Aging with Care: Downsize your home to age in place

Aging with Care: Downsize your home to age in place

Aging with Care: Downsize your home to age in place

Okay baby boomers, is it time to downsize and move into a house better suited for aging?

Does the following describe you? The kids moved out a few years ago and you’re still living in the multi-story home where the kids grew from babes to college graduates.

A single-story house with a small yard is well-suited for aging in place. Maintenance will be manageable. And, as mobility challenges arise, there will be no stairs to the bedroom and bath.

Besides, a small place makes it difficult for adult kids to take up residence with you.

Does it make financial sense?

With Seattle’s real estate market being so unbelievably hot, there are financial factors to consider. Finding an affordable replacement will be difficult. On the other hand, selling your family-sized home might net cash for your retirement nest egg, pay for moving expenses, and cover the cost of a smaller home.

If you are considering this, I would start by researching various areas throughout the city and surrounding communities. Make neighborhood a priority. Factor in access to groceries and health care. Make sure the neighborhood is safe and relatively free from crime.

Once you’ve narrowed down the neighborhoods, then research what’s available. Online resources like Zillow and Trulia let you search and filter the marketplace by zip codes, price, and other factors.

How quickly you decide on a replacement home depends on your personality…impulsive or thoughtful.  My suggestion: Study the market for a few months and get a sense of the price points of both your current home and homes in neighborhoods where you’d feel comfortable downsizing.

Here’s an issue that regularly comes up: My aging clients find health and mobility dictate a move to a house with access compliant with the standards of the Americans with Disabilities Act – wider doorways, walk-in tubs or showers with seats and safety bars, and higher toilets. Prioritize these amenities when choosing a home.

It’s best to downsize as soon as you can. Because of the stress of moving, many aging people wish they’d moved years prior to when they do.

What do I do with all my stuff?  Can I just walk away?

I think the number one issue that stops people from downsizing is the overwhelming work of dealing with years of accumulated personal property.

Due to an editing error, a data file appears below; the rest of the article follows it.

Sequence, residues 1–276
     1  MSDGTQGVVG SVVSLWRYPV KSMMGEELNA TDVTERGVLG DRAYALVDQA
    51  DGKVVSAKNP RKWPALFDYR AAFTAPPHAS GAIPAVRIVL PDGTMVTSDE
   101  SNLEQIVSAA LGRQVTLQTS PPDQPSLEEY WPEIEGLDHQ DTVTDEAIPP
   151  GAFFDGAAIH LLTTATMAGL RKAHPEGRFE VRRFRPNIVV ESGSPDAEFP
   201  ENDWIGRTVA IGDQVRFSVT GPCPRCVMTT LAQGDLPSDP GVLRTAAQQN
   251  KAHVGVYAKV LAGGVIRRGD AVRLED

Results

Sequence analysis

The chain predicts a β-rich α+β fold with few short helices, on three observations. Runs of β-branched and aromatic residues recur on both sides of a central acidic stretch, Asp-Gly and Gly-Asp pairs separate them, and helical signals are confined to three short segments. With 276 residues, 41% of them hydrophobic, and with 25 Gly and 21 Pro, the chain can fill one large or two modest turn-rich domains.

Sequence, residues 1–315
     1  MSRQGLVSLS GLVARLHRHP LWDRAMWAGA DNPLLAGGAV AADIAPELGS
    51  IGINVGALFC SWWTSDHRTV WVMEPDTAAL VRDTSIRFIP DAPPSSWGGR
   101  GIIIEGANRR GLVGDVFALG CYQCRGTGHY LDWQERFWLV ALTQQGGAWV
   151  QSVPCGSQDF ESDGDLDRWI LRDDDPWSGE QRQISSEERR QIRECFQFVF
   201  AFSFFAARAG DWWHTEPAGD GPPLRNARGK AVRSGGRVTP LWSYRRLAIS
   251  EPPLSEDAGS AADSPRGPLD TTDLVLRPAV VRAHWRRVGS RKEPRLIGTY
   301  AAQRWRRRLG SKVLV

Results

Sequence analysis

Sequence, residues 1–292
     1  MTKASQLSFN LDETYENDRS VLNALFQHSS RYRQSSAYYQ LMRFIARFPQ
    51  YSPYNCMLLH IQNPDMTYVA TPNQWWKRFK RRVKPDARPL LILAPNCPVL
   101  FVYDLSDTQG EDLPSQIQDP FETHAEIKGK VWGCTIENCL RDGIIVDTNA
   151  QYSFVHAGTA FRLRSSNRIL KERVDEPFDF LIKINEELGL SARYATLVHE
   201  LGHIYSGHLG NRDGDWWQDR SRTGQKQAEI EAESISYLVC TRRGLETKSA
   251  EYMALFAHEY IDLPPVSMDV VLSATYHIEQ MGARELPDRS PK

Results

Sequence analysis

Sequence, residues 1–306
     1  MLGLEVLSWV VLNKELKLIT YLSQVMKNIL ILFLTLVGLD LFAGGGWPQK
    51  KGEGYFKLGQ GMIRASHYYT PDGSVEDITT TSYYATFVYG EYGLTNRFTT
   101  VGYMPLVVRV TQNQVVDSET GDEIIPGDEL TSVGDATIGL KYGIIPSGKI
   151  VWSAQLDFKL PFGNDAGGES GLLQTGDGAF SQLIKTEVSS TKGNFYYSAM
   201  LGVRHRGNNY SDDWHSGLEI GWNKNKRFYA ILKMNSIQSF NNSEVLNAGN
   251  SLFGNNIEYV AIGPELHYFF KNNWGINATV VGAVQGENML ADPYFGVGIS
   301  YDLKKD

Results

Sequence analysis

I’m at this stage myself. In two years, I’ll move from my home of 30 years to a house where I’ll be able to “age-in-place.”

But then, what am I going to do with all my “stuff?”

I’m moving from a Tudor home with traditional furnishings to a modern home where none of my furnishings fit.

The thought of disposing of my furnishings and years of accumulation is overwhelming. How will I do it?

The shorter answer is, I won’t.

How? There are businesses that specialize in relocating the aging. They manage the details and do the work. They pack and move the things I want. What stays behind is split into three groups — items to sell, items to donate, and items to dump. They provide the labor to clear the house and facilitate a sale of unwanted items that have value. Then, they clean up and prep the house to make it market-ready. Depending on the value of the items, the companies can take their fee out of a percentage on the sale of goods.

When choosing any moving company, do your homework. Make sure the company is trustworthy. Ask if they thoroughly scrutinize employees before hiring. Check online reviews and get references.

Avoid using internet-based companies when shopping for a mover. Often, these companies are brokers, not movers; you’ll have no control over who they hire and will have limited recourse if something goes wrong.

The easy steps to downsizing: Identify the things you want, walk away from the rest, and settle into a new home where you can age-in-place. Doesn’t this sound like the way to go? Happy aging!

MARLA BECK is the founder and former-president of Andelcare Inc., which provides in-home eldercare. Submit questions by calling 206-838-1844 or via e-mail to